A short break in the action gives us another chance to commune with all our brothers and sisters, score some badly needed food to keep us standing (falafel and fries), and of course grab another round. What’ll it be? How about the Leffe Brune?
Going deep into the mystic with Goatess
If It Sounds Like Sabbath, I Wanna Hear It
Stage 01 is host to Goatess, a heavy-riff outfit from Sweden. We’re up front and center and score the extra large beers for maximum set stability, because there’s no way in God’s Hell I’m risking missing one note from these gnarly looking fuckers. Goatess is massive, a colossal force, and lead singer Christian Linderson is facing the void, leaning hard into every hypnotic riff, howling that Ozzy snarl. We are dutifully blown away. I make a mental note to self saying something like remember this moment for all time and I’m hoping said moment goes on forever because it’s pure perfection, and I’m glad we went with the big beers because I’ve been able to stay put and be completely inside every moment of this Swedish riff-blizzard. Goatess hits our sweet spot to the core and everything is perfectly aligned, venn diagram and all.
The end of the evening finds us back at the main stage for New Orleans hardcore troublemakers Crowbar. At this stage of the game we’ve been up for what feels like decades, but we hang in and hang on because fuck that weak shit. Lead singer Kirk Windstein is a burly, stout motherfucker, spitting from the stage and basically taking no shit. It’s all very loud and very nasty and we’re kept on our toes by the sheer madness of it all. It’s our first experience with an American band at Roadburn, and there’s a familiar feeling, something resembling home.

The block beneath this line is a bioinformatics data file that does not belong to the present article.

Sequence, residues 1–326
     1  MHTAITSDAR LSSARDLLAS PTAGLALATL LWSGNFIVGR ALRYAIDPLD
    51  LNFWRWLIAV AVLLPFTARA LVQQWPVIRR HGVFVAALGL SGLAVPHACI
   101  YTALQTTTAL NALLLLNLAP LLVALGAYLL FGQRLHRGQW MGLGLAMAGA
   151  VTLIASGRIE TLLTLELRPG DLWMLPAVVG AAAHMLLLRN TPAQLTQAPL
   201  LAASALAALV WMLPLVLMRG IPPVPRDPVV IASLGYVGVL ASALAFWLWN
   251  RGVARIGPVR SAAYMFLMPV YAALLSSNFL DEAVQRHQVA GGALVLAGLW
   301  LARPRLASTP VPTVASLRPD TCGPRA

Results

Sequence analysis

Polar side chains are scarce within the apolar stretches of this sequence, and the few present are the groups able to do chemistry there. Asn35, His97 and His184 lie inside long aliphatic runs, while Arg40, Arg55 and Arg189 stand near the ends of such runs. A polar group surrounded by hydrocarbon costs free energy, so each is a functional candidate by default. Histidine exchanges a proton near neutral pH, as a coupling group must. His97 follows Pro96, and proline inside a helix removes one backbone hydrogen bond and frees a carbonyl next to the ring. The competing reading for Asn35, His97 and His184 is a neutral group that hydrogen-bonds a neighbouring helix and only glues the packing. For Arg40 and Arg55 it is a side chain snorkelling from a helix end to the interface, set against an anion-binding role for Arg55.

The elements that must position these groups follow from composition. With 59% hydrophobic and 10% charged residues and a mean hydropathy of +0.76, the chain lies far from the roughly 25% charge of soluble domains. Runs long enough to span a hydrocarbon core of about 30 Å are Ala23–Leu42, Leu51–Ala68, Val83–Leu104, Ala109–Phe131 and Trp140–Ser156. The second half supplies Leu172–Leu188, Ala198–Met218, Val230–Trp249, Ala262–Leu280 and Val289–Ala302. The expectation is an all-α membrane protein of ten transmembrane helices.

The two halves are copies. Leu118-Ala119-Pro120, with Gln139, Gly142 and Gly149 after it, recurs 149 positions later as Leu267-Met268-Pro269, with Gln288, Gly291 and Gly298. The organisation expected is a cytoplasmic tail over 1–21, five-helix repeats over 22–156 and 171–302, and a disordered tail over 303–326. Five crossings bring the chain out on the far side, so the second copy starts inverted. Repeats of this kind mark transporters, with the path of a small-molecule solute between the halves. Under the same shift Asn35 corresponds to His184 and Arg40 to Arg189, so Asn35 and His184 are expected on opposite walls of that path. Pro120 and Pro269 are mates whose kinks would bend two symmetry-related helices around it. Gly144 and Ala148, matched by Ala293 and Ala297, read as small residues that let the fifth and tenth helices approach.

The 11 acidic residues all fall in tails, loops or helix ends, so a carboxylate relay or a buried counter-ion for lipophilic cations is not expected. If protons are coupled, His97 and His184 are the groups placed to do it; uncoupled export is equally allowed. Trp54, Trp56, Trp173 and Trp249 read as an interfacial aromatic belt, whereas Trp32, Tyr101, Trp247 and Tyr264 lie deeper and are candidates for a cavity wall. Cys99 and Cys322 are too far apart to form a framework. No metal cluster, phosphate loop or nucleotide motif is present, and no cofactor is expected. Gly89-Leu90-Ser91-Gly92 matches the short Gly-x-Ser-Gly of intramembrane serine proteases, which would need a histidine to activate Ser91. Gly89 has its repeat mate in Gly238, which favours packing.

On our way back to our bunks in Eindhoven, we just can’t bare the thought of ending the evening, so we stop for a nightcap. Upon meeting a few local chaps we have a long, drawn-out and drunken conversation about local history (World War II) and music festivals (North Sea Jazz Fest, held in Rotterdam) and we exchange rounds of Dommelsch and Bavaria Premium and Hertog Jan (which we quickly rename “The Werner Herzog Nightcap”) and it’s an endless parade of good vibes and communal love between lost souls of the European night. We’re then told that “nothing ever happens in Eindhoven” and that Tilburg is the “second place where nothing ever happens.” Well of course we have our own thoughts about this and share our wonderful stories of all the “happenings” that we’d seen in one full day in this glorious part of the world.
Day 2: Day of Dada
Of course we’re late to rise so we decide upon a leisurely lunch in the Eindhoven town square. The ultimate question at this time of the day is, beer or coffee? We settle on both, which turns out to be the perfect balance, and the lovely blonde waitress has no idea what Roadburn is or why a bunch of New Yorkers would be having lunch in Eindhoven on a random Friday afternoon, but that’s exactly the way we want it because it’s all so completely right and true.
So it’s back aboard the Metal Express and we assume the role of commuters and take in a double espresso and the daily paper (in Dutch) and I swear I overhear somebody say in perfect English, “I just loved Whoopi Goldberg in Sister Act!”
Now, how about some more music?
Aboard the Metal Express to Tilburg
Harsh Toke are a bunch of groove-hungry California longhairs, and how could they not be because they contain the whole ethos of that great state and the original jam band mission, with a straight line running right back to the Grateful Dead. Today they’re joined by the legendary Lenny Kaye and they’re ripping through an hour-long two-song set that incorporates poetic vignettes from the whole history of garage rock and psych rock. And the weed is simply everywhere, in fact the dudes on stage don’t even need their hands to smoke it, like they are blowing bones and playing their instruments at the same time and it’s no big deal because everything is cool, isn’t it?